The Personality of Chinese Gamblers

  • Chi Chuen Chan
  • William Wai Lim Li
  • Amy Sau Lam Chiu


Personality refers to a person’s consistent patterns of feeling, thinking, and behaving (Pervin et al. 2005). In the 1980s, researchers in addiction proposed that there are certain types of personality and attributes that predispose a person to substance and behavioral addictions. Among these researchers, Alan Lang (1983) put forward the concept of addictive personality. In his description, individuals with this personality style have an inborn and genetic propensity to addictive behaviors. Their notable behavioral characteristics include introversion and enjoyment of solitary pursuits, impulsiveness, and risk-taking. This proposition, though intriguing, is deterministic in nature as the model places the origins and etiology of addictive disorders on the genetic dispositions of a person. It neglects environmental influences, including the roles and attitudes of a person’s family and friends. More importantly, the assertion disregards one’s personal choices and discretion in governing one’s gambling behavior. Scientific studies validating the concept of addictive personality have been very few (Myrseth 2011; Petry 2005). On this issue, Blaszczynski (Blaszczynski and Tempel 2008), in his keynote address at the National Association of Gambling Studies (NAGS), argued that an individual should have control over his/her gambling behavior and decisions. In this vein of thought, the responsibility of gambling should rest upon the judgment and decisions of the gambler rather than the genetic predisposition the person may have. In reviewing the literature on the personality of gamblers, Chan et al. (2016), in their recent book Problem Gambling in Hong Kong and Macao: Etiology, Prevalence and Treatment, came to the conclusion: “Bearing in mind that problem gamblers often come from diverse backgrounds with different motivations for gambling, there should not be one single type of addictive personality as Lang (1983) has proposed” (p. 71). The authors analyzed the personality and development of gamblers from Blaszczynski and Nower’s (2002) model and presented a detailed account on the personality development of gamblers from an ecological-social-cognitive perspective. Nonetheless, the book failed to discuss the similarities and differences between Chinese gamblers and Western gamblers. The current chapter thus intends to fill this gap. Our purposes are to understand the personality characteristics of Chinese gamblers and the empirical differences in personality patterns, if any, between the Chinese gamblers and Western gamblers.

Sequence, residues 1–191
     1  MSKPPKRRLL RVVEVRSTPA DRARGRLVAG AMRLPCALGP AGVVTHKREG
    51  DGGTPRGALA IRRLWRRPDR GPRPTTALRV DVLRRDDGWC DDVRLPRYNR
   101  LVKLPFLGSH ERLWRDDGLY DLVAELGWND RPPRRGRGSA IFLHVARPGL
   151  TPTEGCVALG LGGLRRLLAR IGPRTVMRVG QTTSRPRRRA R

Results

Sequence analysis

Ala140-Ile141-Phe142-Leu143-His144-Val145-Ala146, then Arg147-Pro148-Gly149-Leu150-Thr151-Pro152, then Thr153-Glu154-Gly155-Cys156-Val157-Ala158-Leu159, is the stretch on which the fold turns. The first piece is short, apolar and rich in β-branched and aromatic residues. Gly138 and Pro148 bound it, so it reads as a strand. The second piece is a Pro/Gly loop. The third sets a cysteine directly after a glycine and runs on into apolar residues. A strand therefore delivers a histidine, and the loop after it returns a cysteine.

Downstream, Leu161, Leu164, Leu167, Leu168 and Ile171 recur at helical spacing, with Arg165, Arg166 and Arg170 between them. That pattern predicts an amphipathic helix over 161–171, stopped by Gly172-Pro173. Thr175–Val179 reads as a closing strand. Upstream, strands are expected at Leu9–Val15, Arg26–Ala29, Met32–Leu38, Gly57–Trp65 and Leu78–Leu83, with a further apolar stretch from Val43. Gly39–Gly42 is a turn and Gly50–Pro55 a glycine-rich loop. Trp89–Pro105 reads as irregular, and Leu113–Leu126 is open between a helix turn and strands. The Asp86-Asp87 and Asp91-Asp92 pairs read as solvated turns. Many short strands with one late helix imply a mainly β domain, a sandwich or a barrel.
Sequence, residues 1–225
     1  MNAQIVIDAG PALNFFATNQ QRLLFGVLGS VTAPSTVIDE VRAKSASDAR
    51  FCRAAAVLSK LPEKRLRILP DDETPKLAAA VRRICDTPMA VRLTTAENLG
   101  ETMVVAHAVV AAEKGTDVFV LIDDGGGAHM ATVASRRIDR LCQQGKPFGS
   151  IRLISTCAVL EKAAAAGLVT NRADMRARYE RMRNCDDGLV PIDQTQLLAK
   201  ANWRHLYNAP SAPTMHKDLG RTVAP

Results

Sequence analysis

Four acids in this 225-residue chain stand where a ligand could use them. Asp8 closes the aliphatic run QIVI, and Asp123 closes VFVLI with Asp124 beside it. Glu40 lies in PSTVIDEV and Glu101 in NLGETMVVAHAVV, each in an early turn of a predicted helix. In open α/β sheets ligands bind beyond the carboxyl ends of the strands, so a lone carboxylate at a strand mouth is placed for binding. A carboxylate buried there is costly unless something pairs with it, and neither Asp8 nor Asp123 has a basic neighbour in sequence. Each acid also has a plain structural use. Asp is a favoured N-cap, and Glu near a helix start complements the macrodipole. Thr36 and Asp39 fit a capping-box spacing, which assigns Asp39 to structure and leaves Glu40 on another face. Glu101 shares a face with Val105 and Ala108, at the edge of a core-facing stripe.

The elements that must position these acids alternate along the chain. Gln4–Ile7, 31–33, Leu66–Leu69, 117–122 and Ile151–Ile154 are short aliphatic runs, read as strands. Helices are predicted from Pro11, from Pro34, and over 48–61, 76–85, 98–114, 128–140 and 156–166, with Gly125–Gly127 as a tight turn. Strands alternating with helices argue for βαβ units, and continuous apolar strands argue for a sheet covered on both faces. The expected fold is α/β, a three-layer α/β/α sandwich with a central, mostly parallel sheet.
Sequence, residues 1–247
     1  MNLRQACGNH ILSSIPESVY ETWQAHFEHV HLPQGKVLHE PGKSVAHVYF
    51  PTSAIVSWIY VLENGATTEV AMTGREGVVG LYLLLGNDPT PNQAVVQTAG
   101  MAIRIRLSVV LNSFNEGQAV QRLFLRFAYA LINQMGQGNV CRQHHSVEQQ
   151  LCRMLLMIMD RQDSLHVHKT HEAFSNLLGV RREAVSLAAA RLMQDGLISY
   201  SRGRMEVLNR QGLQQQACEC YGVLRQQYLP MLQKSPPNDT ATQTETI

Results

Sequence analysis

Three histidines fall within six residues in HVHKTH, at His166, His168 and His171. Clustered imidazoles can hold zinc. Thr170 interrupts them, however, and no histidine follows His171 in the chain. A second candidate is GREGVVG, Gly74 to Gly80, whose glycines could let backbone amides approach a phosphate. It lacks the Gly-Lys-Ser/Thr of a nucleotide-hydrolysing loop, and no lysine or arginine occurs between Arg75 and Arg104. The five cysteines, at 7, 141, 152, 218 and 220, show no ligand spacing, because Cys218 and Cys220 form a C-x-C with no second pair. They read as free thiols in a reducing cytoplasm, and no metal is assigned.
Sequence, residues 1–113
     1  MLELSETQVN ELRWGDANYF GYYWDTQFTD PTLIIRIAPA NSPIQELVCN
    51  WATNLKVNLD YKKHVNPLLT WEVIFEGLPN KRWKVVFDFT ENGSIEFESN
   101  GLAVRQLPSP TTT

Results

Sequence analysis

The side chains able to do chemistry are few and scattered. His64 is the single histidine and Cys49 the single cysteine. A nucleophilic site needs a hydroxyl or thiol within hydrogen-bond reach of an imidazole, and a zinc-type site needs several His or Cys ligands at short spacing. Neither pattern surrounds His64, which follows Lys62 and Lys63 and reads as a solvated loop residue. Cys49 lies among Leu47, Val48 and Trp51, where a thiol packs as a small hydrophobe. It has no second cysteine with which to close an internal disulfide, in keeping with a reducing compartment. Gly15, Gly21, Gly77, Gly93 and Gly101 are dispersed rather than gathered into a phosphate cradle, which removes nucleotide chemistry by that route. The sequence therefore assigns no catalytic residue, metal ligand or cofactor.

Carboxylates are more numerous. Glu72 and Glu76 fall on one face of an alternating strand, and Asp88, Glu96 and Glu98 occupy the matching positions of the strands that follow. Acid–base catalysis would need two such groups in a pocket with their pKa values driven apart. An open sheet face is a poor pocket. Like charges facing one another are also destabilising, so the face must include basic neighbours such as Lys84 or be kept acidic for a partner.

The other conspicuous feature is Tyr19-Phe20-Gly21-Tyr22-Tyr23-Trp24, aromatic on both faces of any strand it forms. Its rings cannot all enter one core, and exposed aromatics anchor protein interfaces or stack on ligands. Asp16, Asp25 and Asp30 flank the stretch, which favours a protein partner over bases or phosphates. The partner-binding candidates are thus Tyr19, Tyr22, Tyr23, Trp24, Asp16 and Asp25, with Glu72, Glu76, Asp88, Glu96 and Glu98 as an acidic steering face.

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Copyright information

© Springer Nature Singapore Pte Ltd. 2019

Authors and Affiliations

  • Chi Chuen Chan
    • 1
  • William Wai Lim Li
    • 1
  • Amy Sau Lam Chiu
    • 1
  1. 1.Upper Iowa University - Hong Kong CenterHong KongHong Kong

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